People usually take their cameras along with them when they travel, go for trips, holidays with great enthusiasm that they’d be able to “capture the moment” or for some to take the “I was there” type of pictures usually in front of famous buildings..streets, signboards…etc

I’m a shutter bug when it comes to taking pictures.. I always try not to take typical pictures. Recently I was hit by a surge of interest in photography.. not to become a professional [though I actually wouldnt mind becoming a pro photographer] but just to be able to take shots that tell a story, that really captures the moment.

I think this interest kicked in after I came back from Ubud which is a photographer’s playground- with all the scenes, landscapes, culture.Plus I’m also very sick and tired of the Raya sitting in a row with everyone smiling type of picture.. [boring!]

So this afternoon I attended a Photography Workshop by Eric Peris..a self taught photographer,was NST’s photo editor for 24 years, a master in black and white photography and have had countless exhibitions both locally and internationally.

I brought along my brother’s SLR [must ge one for myself] and my point-and-shoot Sony Cybershot, I have no idea how to use an SLR [but I did get a taste of it’s power when I tried taking a few shots]

Was hoping the workshop would give me a quick idiot’s guide but it was more about the art and philosophy of photography.. which was  fine with me.

 dsc04126.jpg getting to know the SLR..

 “The image is captured in your mind first not by the camera”..that was one of the first things that Eric said and it made perfect sense.  Shouldnt just aimlessly take shots [ I’ve done that a couple of times ;p]..there has to be an idea behind the shot and a clear expectation of what the final image will be. Patience is key. And nothing comes without practice.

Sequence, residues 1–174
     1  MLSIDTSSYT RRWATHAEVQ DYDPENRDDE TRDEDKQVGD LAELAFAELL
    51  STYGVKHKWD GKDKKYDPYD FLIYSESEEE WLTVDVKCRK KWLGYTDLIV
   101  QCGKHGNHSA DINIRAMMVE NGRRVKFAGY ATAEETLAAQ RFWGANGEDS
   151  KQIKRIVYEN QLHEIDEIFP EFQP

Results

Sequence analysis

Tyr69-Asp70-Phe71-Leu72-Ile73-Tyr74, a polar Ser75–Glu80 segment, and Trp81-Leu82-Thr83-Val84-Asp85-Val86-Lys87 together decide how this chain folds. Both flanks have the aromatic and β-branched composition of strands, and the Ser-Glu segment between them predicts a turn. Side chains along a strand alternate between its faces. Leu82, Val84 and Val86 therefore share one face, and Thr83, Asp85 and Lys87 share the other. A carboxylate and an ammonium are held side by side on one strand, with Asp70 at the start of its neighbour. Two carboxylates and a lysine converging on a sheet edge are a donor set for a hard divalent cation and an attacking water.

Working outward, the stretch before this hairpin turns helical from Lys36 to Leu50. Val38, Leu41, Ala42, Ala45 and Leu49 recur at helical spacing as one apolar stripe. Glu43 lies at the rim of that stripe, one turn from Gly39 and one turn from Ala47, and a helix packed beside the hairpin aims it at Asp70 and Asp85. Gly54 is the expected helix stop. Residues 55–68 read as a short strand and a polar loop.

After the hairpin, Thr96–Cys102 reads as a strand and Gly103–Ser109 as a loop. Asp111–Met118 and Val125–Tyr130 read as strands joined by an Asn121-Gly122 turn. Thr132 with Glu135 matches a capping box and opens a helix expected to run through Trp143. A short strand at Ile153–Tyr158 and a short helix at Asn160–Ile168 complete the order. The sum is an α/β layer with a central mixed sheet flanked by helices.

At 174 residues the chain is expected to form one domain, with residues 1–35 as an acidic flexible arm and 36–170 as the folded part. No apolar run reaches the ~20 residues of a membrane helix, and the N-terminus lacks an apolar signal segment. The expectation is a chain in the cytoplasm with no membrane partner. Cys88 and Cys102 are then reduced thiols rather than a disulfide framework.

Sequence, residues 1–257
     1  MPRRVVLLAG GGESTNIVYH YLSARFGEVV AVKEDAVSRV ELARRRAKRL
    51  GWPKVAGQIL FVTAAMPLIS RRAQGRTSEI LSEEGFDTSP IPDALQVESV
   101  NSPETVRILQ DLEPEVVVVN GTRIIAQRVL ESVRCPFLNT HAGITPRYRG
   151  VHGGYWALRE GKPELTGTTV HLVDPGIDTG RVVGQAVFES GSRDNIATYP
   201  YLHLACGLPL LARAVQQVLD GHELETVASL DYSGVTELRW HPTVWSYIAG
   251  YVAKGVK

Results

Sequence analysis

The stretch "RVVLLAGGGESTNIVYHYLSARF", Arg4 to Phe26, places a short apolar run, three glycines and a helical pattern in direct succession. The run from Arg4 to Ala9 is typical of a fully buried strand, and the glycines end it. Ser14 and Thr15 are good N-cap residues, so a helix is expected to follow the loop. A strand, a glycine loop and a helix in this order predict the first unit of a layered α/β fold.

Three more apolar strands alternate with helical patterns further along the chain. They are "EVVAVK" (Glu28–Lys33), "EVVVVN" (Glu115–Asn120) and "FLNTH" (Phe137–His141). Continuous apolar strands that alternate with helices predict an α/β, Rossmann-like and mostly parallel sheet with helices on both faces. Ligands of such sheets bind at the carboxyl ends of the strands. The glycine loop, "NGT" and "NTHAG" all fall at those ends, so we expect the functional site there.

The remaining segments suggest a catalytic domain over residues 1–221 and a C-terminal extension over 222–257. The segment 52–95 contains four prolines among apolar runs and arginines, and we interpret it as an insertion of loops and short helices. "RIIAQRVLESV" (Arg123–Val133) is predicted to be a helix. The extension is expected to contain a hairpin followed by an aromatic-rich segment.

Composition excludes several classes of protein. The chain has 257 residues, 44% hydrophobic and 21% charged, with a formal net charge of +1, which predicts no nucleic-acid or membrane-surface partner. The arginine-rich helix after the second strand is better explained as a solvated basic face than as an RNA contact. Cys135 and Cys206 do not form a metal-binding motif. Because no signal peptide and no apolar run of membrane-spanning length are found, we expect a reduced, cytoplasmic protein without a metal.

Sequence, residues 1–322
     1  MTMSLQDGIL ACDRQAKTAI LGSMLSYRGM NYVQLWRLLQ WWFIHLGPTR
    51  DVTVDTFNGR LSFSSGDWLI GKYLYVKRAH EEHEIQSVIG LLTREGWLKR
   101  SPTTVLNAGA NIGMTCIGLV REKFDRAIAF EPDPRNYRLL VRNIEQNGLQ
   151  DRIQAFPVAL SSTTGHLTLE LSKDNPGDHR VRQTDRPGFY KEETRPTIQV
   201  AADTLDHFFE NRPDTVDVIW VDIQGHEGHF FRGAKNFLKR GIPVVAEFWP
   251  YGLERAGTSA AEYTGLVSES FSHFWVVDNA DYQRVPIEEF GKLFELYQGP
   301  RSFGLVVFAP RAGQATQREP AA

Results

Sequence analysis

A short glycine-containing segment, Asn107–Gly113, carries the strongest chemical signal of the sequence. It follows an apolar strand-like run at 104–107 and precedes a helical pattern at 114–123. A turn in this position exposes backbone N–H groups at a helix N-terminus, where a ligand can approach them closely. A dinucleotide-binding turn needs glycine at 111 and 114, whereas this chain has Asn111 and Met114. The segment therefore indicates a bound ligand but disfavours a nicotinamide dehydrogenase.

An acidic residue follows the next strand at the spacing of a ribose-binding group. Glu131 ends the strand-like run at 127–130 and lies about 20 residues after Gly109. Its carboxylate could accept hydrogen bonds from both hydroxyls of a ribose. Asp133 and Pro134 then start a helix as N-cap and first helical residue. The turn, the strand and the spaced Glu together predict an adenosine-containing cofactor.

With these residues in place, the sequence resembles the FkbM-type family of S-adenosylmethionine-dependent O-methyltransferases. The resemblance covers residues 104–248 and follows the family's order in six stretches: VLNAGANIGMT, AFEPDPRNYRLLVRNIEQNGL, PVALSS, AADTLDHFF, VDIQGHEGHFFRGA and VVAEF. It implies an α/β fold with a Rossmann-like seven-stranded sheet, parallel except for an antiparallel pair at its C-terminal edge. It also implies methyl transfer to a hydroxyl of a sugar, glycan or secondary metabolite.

An interesting advise Eric gave was when he said ” the last thing you should read are photography books..you should look at the works of Rembrandt and other classical painters” According to him photography is just mimicking of what earlier painters were trying to do with canvas and oil. He also mentioned that there are no strict rules in photography [good] and we shouldnt be afraid to try new angles and use different styles [very good].I left the workshop eager to practice and learn the basics of taking good photographs- familiarise myself with the apperture,tones [there’s a LOT to learn].

But I dont intend to take masterpieces, just shots that are alive and do justice to the image that it tried to freeze…for coming birthday parties, weddings, holidays, births and more.

Well at the moment I’m still looking out for those photography-for-idiots classes.


Some of the photographs that I’m proud of..

Above is a picture that I took on my way to the market in Portobello Road when I was in London early this year (using my N73)

Below is a very old man at a very old courtyard (400 yrs old) that I visited as part of a night Hutong tour in Beijing. (Cybershot)

Click on the pciture to see the full shot